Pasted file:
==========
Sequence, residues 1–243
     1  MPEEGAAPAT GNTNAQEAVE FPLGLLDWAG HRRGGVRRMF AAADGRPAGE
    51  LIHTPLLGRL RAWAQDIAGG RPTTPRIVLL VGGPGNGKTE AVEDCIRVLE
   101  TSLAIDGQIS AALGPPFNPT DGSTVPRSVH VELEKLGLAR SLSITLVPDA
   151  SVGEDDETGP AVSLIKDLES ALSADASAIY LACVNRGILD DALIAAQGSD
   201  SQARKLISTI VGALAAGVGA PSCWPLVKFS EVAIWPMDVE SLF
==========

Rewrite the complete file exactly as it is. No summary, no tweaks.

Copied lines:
Sequence, residues 1–243
     1  MPEEGAAPAT GNTNAQEAVE FPLGLLDWAG HRRGGVRRMF AAADGRPAGE
    51  LIHTPLLGRL RAWAQDIAGG RPTTPRIVLL VGGPGNGKTE AVEDCIRVLE
   101  TSLAIDGQIS AALGPPFNPT DGSTVPRSVH VELEKLGLAR SLSITLVPDA
   151  SVGEDDETGP AVSLIKDLES ALSADASAIY LACVNRGILD DALIAAQGSD
   201  SQARKLISTI VGALAAGVGA PSCWPLVKFS EVAIWPMDVE SLF